Setting Up DNS for Active Directory
Basic Concepts of DNS and Active Directory
For DNS to function as a location service for Active Directory, you must have a DNS server to host the locator records (A, SRV, and CNAME). For more information about the locator, see "Active Directory Logical Structure" in the Microsoft ® Windows ® 2000 Server Resource Kit Distributed Systems Guide .
You can configure your Windows 2000 DNS server automatically by using the Active Directory Installation wizard, which is a wizard provided in Windows 2000 that installs and configures Active Directory. The Active Directory Installation wizard can perform all the installation and configuration necessary for DNS, and the Netlogon service adds the necessary locator records. For more information about the Active Directory Installation wizard, see "Using the Active Directory Installation Wizard" later in this chapter.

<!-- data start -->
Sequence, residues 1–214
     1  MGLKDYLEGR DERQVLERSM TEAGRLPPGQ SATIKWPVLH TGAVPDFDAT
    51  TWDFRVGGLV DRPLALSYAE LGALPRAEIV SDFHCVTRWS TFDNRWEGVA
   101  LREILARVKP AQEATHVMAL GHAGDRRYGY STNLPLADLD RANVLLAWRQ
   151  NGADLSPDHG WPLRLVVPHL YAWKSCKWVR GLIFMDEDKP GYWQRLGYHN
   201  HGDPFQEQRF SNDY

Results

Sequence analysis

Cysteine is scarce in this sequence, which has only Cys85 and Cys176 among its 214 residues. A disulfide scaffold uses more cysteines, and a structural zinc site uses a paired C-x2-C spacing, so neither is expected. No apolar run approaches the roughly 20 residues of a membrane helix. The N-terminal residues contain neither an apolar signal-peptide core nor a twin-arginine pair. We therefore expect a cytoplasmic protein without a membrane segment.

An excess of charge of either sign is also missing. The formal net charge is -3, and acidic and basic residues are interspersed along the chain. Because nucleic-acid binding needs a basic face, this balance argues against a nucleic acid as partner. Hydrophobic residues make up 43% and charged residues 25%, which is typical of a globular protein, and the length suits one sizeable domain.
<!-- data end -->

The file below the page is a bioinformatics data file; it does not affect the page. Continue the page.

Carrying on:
Unless you are using a DNS server other than Windows 2000 or you want to perform special configuration, you do not need to manually configure DNS to support Active Directory. However, if you want to set up a configuration other than the default configuration that the Active Directory Installation wizard sets up, you can manually configure DNS. In Windows 2000, you can configure DNS by using the DNS console. For information about the DNS console and when you might want or need to use it, see "Using the Configure DNS Server Wizard" later in this chapter.
If you are using a third-party DNS server, you must also perform manual configuration. For information about issues related to configuring DNS when you are using a third-party DNS server, see "Configuring Non-Windows 2000 DNS Servers to Support Active Directory" later in this chapter.